An increasing number of employees of middle and late-stage private companies are seeking liquidity and with good reason. Companies are staying private longer, the lack of liquidity and over-concentration of net worth in a single stock becomes a burden. In most cases, employees move on to other jobs without fully realizing the value of ESOPs allotted to them.

Chart 1 – Companies are staying private longer. Access to capital from venture capital and private equity firms who have longer investment horizons and also bring in strategic benefits are allowing companies to delay going public. However, most of the growth happens before IPO, an event which is now treated as an exit venue for early investors rather than a fundraising event.

Even in the utopian cases where shareholders see an IPO on the horizon, they may prefer to take some money off the table today rather than further delay and rely entirely on the uncertainty of a public market’s perception of the stock and the one year lock in period mandated by SEBI during which they cannot sell their shares. IPO plans of even the hottest companies on earth can fail. Think Uber or WeWork.

For the great majority of shareholders seeking to sell private stock for the first time, the process can be daunting. Selling shareholders must –

For the great majority of shareholders seeking to sell private stock for the first time, the process can be daunting. Selling shareholders must –

  • Analyse limited information to value their shares
  • Source and negotiate with multiple potential buyers
  • Retain or have the legal expertise to comply with securities laws, document the transaction and conform to the issuer’s unique transfer protocols.

Even where a seller has access to these resources, finding the time needed to manage these tasks is a frequent problem.

Below are some points selling shareholders might keep in mind while navigating these challenging waters.

Should you use a broker-advisor like Minance Private Market?

The first decision to make is whether or not to use a broker. My answer will obviously be biased so take it with a pinch of salt. That said, I think that most sellers are materially better off using a broker. Selling private company shares is a lot more like selling a real estate. Few shareholders have the private market expertise, information, network or time to effectively represent themselves. Just as you expect a good real estate agent will more than offset their commission by getting you a better price for your house, assist you with the paperwork, do all the heavy lifting, a private market broker can make an even greater difference when it comes to optimizing your chances to close a sale for full value.

Next you need to understand where the broker expects to find buyers for your shares. Ideally, the firm has previously transacted in your company’s shares. If they haven’t or if they’re vague about the buyers they have in mind for your shares, they may spend months trying to source buyers from a cold start. I believe sellers generally do much better when they leverage an active marketplace that continually connects sellers with many interested buyers. Minance is connected to thousands of buyers via it’s Private Market platform.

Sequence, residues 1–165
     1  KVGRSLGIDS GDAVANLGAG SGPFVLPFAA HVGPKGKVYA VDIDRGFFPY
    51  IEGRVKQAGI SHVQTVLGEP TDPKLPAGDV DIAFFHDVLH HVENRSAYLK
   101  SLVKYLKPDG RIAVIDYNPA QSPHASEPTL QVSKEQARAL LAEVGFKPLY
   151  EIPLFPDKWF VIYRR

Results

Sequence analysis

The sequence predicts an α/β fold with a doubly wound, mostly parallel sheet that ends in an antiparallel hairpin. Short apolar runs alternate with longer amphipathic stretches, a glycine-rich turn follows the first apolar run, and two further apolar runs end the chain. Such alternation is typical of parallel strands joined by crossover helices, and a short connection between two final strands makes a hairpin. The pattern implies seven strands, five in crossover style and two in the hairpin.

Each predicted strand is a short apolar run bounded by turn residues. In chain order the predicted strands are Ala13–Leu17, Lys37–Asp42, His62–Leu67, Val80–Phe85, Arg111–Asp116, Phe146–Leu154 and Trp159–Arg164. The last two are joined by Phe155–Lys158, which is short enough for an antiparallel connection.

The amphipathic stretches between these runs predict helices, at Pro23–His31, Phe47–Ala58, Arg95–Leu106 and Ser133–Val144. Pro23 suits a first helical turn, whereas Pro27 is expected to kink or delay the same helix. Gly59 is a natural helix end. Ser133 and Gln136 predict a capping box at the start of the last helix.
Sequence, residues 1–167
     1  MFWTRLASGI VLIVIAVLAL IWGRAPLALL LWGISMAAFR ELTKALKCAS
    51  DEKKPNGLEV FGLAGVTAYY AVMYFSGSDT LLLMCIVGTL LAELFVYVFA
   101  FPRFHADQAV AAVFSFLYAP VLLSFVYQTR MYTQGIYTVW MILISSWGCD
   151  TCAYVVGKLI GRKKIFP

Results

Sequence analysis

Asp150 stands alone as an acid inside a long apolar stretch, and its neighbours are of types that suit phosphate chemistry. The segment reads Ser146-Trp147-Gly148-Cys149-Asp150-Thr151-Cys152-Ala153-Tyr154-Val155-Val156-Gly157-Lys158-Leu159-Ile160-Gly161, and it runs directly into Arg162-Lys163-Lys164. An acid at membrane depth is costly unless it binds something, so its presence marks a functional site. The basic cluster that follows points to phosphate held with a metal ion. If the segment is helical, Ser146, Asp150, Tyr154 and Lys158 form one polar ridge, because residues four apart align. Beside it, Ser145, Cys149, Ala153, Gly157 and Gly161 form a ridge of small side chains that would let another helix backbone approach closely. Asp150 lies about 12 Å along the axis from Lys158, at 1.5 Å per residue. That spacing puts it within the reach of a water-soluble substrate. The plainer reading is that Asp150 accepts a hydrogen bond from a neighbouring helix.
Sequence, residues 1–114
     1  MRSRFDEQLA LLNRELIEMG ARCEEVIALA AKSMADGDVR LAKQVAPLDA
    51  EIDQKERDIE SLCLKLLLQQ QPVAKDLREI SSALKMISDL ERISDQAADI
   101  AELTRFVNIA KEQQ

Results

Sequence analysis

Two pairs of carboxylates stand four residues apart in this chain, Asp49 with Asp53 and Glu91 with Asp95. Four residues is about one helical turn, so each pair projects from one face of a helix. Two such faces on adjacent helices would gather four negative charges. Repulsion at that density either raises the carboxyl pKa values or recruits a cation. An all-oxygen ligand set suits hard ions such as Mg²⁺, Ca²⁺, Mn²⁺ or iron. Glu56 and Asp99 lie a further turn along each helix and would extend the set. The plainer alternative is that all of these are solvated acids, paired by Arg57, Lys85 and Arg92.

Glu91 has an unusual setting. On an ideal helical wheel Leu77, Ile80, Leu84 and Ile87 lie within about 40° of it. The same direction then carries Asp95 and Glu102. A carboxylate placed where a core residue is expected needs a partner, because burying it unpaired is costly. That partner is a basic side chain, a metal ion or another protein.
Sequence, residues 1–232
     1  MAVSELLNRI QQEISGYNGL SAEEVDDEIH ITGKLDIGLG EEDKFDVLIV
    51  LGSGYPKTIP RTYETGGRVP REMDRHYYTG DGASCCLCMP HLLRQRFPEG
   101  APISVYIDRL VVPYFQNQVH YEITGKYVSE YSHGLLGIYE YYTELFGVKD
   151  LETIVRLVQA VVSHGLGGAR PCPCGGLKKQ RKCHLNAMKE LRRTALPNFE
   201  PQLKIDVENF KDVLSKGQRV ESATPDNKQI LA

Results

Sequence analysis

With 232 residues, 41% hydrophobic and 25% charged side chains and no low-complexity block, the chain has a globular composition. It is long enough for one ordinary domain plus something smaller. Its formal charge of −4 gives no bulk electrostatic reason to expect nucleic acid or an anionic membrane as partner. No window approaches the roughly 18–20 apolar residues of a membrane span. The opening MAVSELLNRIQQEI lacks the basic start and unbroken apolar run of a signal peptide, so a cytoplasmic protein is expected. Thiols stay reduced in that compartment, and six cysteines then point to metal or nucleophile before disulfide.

Employer rules

Whether or not you work with a broker, the first rule of private market transactions is: respect the company whose shares you are looking to sell. Most private companies are generally sympathetic to their shareholders’ need for liquidity but have very valid concerns about what form that liquidity takes and thus place restrictions on secondary share sales. Understanding those restrictions avoids unnecessary conflict with the company and can save you a great deal of time. There is no point spending weeks on a sale the company will never permit. This is another area where Minance can help you.

What’s the right price of your shares

The next step is to figure out the value of your shares. Unlike listed company shares, it’s a little bit harder to price private stocks, but there are some useful benchmarks. The simplest and most reliable indicator of a company’s enterprise value is its most recent primary financing round. Also relevant might be any valuations disclosed by mutual funds or institutional investors that are already shareholders in the company. Selling shareholders must, however, recognize the differences between classes of stock. Preferred stock comes with liquidation preferences and other rights that make it more valuable than common stock but can almost never be sold

At Minance, we typically will leverage our online platform to identify high-quality investors who have already indicated interest in the shares to be sold.

Contracts, ROFR’s and closing

A stock purchase agreement sets forth the terms of your sale. The issuer receives a copy of that agreement and a summary of the proposed transaction. Many issuers have a unique transfer process selling shareholders must follow. They also frequently want information about proposed buyers to determine their desirability as a shareholder. Best example is PayTM. Finally, almost all shares are subject to a right-of-first-refusal (ROFR), which enables the issuer to replace your buyer. Whether or not the company exercises its ROFR, your sale should usually close within 30-60 days of submitting the transaction to the company.

Conclusion

Compared to most securities transactions, selling private company shares can be a challenging process. The good news is that, over the last few years, such sales have become commonplace and there are now marketplaces like Minance are there to easily facilitate these transactions. The even better news is that the market continues to improve – issuers, shareholders, investors and the platforms that connect them are becoming ever more integrated, more efficient, which leads to less friction and ease of execution.

Anurag Bhatia is CEO & Head of Investments of Minance